Adults: The usual dose is 250 mg every 6 hours taken one hour before meals. If twice-a-day dosage is desired, the recommended dose is 500 mg every 12 hours. Dosage may be increased up to 4 grams per day, according to the severity of the infection. Twice-a-day dosing is not recommended when doses larger than 1 gram daily are administered.
Children: Age, weight, and severity of the infection are important factors in determining the proper dosage. The usual dosage is 30 to 50 mg/kg/day in divided doses. For the treatment of more severe infections, this dose may be doubled.
A therapeutic dosage of oral erythromycin should be administered for at least 10 days. For continuous prophylaxis against recurrences of streptococcal infections in persons with a history of rheumatic heart disease, the dose is 250 mg twice a day.
30 to 40 grams given in divided doses over a period of 10 to 15 days.
250 mg four times daily for 10 to 14 days for adults; 30 to 50 mg/kg/day in divided doses for 10 to 14 days for children.
Although optimal doses have not been established, doses utilized in reported clinical data were those recommended above (1 to 4 grams daily in divided doses).
Urogenital infections during pregnancy due to Chlamydia trachomatis
Although the optimal dose and duration of therapy have not been established, the suggested treatment is erythromycin 500 mg, by mouth, 4 times a day on an empty stomach for at least 7 days. For women who cannot tolerate this regimen, a decreased dose of 250 mg, by mouth, 4 times a day should be used for at least 14 days.
For adults with uncomplicated urethral, endocervical, or rectal infections caused by Chlamydia trachomatis in whom tetracyclines are contraindicated or not tolerated: 500 mg, by mouth, 4 times a day for at least 7 days.
Although optimum dosage and duration of therapy have not been established, doses of erythromycin utilized in reported clinical studies were 40 to 50 mg/kg/day, given in divided doses for 5 to 14 days.
Nongonococcal urethritis due to Ureaplasma urealyticum
When tetracycline is contraindicated or not tolerated: 500 mg of erythromycin, orally, four times daily for at least 7 days.
Acute pelvic inflammatory disease due to N gonorrhoeae
500 mg IV of erythromycin lactobionate for injection, USP every 6 hours for 3 days followed by 250 mg of erythromycin, orally every six hours for 7 days.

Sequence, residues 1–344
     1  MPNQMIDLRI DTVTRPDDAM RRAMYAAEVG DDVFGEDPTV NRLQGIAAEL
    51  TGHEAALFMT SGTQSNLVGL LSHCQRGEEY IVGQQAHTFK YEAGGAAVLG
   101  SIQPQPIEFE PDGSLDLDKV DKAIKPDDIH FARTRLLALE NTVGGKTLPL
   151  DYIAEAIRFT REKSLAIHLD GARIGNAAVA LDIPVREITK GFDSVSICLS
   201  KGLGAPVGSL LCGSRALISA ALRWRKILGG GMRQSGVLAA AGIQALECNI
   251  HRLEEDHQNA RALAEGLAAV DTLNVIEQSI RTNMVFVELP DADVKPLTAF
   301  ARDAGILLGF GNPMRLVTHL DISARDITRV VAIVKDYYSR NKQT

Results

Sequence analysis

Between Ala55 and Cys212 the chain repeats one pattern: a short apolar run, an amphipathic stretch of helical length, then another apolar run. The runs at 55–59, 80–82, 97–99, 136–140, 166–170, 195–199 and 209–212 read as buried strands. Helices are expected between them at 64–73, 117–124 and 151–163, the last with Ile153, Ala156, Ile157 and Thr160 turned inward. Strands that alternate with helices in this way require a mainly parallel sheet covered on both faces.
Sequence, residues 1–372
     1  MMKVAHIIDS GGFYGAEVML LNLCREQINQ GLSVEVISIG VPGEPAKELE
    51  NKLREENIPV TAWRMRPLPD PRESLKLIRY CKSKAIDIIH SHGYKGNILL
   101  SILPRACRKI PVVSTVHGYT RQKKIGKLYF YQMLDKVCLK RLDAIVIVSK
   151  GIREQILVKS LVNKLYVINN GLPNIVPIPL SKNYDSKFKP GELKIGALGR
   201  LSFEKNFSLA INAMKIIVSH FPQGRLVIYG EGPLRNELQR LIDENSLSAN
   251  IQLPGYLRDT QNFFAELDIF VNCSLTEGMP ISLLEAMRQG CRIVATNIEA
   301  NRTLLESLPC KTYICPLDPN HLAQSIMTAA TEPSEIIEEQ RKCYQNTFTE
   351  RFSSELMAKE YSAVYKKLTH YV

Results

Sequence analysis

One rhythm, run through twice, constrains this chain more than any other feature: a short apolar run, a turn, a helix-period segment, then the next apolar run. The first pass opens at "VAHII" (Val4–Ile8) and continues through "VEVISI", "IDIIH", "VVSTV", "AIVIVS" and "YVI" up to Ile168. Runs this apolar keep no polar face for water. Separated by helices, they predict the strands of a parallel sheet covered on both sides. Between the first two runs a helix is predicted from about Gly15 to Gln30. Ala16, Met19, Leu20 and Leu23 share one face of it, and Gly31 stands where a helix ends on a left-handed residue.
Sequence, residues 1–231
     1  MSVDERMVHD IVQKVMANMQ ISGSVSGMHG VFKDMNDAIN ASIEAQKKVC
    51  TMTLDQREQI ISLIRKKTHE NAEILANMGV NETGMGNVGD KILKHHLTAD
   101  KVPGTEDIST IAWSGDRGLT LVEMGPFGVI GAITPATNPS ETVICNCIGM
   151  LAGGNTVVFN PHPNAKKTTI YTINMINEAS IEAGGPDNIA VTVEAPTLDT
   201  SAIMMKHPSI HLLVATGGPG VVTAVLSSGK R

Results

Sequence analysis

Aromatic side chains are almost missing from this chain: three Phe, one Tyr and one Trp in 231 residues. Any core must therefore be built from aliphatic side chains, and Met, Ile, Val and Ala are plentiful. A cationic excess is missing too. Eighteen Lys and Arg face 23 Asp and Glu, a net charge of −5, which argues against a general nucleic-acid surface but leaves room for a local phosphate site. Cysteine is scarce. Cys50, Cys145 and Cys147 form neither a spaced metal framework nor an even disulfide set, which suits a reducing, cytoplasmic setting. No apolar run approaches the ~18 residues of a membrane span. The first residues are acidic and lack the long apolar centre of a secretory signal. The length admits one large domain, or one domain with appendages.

Each clear and orange opaque capsule imprinted Eryc WC 696 contains 250 mg erythromycin as enteric-coated pellets. The pellets are colored white and orange. Capsules are supplied in bulk containers of 75,000 (NDC 50546-300-01).
Store at controlled room temperature 15° C to 30° C (59° F to 86° F).
3. Committee on Rheumatic Fever, Endocarditis, and Kawasaki Disease of the Council on Cardiovascular Disease in the Young, the American Heart Association: Prevention of Rheumatic Fever. Circulation. 78(4):1082-1086, October 1988.
Manufactured by: Mayne Pharma International Pty Ltd, 1538 Main North Road, Salisbury South, SA 5106, South Australia. Marketed by: Warner Chilcott (US), LLC 100 Enterprise Drive, Rockaway, NJ 07866 USA. Revised - 2012
The most frequent side effects of oral erythromycin preparations are gastrointestinal and are dose-related. They include nausea, vomiting, abdominal pain, diarrhea and anorexia. Symptoms of hepatitis, hepatic dysfunction and/or abnormal liver function test results may occur (see WARNINGS).
Onset of pseudomembranous colitis symptoms may occur during or after antibacterial treatment (see WARNINGS).
Allergic reactions ranging from urticaria to anaphylaxis have occurred. Skin reactions ranging from mild eruptions to erythema multiforme, Stevens-Johnson syndrome, and toxic epidermal necrolysis have been reported rarely.
There have been reports of interstitial nephritis coincident with erythromycin use.
There have been reports of pancreatitis and convulsions.
There have been isolated reports of reversible hearing loss occurring chiefly in patients with renal insufficiency and in patients receiving high doses of erythromycin.